The mice were randomly divided into seven groups:(1)Normal control group (): mice were given saline.(2)Oil control group (): mice were given an equal volume of olive oil.(3)OA group (): mice were given 40 mg/kg OA suspension.(4)ConA group (): mice were injected with 20 mg/kg ConA via caudal vein.(5)ConA + OA 20 mg/kg group (): mice were given 20 mg/kg OA for 3 days before ConA injection.(6)ConA + OA 40 mg/kg group (): mice were given 40 mg/kg OA for 3 days before ConA injection.(7)ConA + OA 80 mg/kg group (): mice were given 80 mg/kg OA for 3 days before ConA injection.

2.4. Biochemical Analysis

Blood samples were collected by retroorbital bleeding, and the collected blood was centrifuged at 3000 r/min for 10 min at 4°C to obtain sera. The activities of serum alanine aminotransferase (ALT) and aspartate aminotransferase (AST) were determined using commercial assay kits. The levels of IL-1β, IL-6, and TNF-α were determined using ELISA kits, per manufacturer’s instructions.

2.5. Histopathology and Quantification of Liver Injury

Liver tissues were removed from a portion of the left lobe, fixed in 4% paraformaldehyde, embedded in paraffin, sliced to 5-micron thick sections, and stained with hematoxylin and eosin (H&E). Inflammation and tissue damage were assessed using a light microscope. 5 fields (200x magnification) were evaluated from 4 to 6 individual animals per group by an experienced pathologist. Liver sections were blind to observer. The percentages of necrotic area were used for statistical analysis [37]. Based on the severity and distribution of the necrosis, the overall grade of necrotic lesion was evaluated by a scoring system from 0 to 4: 0: none; 1: mild; 2: moderate; 3: marked; 4: severe to diffuse.

2.6. Immunohistochemistry

Liver tissues were prepared as paraffin-embedded sections, dewaxed in xylene, and dehydrated in ethanol. Antigen retrieval was achieved using citrate buffer and incubation at 95°C water for 20 min. To block the activity of endogenous peroxidases, the sections were incubated with 3% hydrogen peroxide for 10 min at 37°C. Nonspecific binding was blocked with 5% bovine serum albumin for 30 min. Liver sections were then incubated overnight at 4°C with the following primary antibodies and dilutions: IL-1β (1 : 100), IL-6 (1 : 100), TNF-α (1 : 100), PPARα (1 : 50), phospho-JNK (1 : 100), LC3 (1 : 50), Beclin 1 (1 : 50), Bcl-2 (1 : 100), and Bax (1 : 100). The slices were then washed three times and incubated with secondary antibodies. A diaminobenzidine kit was used to measure antibody binding under a light microscope. The ratios of stained and total area were calculated using Image-Pro Plus software (version 6.0).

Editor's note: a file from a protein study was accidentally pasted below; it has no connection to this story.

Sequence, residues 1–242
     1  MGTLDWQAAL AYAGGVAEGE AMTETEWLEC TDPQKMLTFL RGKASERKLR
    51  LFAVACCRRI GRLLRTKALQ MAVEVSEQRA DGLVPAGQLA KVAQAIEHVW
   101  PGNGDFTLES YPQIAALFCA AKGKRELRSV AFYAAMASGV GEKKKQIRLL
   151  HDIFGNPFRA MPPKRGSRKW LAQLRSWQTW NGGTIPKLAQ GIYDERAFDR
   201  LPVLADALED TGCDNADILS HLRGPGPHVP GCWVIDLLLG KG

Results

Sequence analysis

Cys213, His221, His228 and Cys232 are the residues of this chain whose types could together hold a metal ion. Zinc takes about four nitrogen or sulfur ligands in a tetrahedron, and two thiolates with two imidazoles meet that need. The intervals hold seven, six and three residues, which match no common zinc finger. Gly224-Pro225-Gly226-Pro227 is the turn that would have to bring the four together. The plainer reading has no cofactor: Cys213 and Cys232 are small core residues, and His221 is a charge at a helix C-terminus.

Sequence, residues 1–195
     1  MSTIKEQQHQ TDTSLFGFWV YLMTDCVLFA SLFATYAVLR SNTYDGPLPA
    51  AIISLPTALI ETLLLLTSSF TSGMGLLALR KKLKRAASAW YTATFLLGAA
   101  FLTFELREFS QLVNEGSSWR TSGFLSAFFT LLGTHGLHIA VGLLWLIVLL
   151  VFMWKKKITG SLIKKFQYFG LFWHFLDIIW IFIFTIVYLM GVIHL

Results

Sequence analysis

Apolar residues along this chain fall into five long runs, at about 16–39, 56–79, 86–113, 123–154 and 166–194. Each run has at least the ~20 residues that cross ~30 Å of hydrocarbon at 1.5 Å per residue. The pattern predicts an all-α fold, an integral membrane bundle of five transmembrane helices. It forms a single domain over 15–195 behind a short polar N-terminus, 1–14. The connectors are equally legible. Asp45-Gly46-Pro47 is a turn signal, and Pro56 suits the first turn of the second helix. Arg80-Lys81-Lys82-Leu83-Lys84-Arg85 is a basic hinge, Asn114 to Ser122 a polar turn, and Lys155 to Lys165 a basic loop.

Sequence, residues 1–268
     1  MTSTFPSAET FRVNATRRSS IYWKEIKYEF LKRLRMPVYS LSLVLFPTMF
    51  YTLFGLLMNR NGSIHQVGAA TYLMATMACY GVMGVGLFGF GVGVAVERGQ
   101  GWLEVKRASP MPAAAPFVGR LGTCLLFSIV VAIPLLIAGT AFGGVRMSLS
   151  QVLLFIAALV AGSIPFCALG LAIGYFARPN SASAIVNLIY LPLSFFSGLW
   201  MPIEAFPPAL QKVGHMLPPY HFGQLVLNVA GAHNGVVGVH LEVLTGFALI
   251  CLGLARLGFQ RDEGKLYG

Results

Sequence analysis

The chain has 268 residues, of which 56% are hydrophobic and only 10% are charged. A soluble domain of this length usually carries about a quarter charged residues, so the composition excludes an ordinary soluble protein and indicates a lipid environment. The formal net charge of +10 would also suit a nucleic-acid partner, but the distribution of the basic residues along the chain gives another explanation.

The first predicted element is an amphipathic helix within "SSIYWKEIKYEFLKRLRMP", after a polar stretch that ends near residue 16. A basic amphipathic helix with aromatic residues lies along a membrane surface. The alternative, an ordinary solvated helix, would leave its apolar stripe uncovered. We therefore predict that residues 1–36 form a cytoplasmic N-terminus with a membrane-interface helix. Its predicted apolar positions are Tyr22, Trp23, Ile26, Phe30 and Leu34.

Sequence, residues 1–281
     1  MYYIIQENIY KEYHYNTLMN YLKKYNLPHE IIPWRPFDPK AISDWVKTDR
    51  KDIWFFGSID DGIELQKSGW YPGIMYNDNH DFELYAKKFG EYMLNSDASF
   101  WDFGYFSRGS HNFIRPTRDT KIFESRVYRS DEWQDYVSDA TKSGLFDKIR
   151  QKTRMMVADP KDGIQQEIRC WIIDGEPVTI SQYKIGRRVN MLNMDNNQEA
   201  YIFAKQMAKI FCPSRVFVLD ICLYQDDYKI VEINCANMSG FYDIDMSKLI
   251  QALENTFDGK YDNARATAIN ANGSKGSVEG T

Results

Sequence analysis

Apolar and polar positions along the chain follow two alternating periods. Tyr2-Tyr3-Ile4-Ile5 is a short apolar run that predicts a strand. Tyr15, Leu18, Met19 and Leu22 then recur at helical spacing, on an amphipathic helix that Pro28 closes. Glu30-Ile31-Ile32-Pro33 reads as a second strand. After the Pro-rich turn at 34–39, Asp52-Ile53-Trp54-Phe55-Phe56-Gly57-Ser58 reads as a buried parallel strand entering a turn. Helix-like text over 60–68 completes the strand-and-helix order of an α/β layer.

2.7. TUNEL Staining

The prepared paraffin sections were dewaxed in xylene for 5–10 min twice and dehydrated with ethanol. Proteinase K without DNase was added at a concentration of 20 micrograms/mL for 15–30 min. TUNEL reaction buffer was added to the slices after washing according to the manufacturer’s protocols, and the sections were observed under a light microscope to determine the number of apoptotic cells.

2.8. Quantification of mRNA by Reverse Transcription PCR (RT-PCR)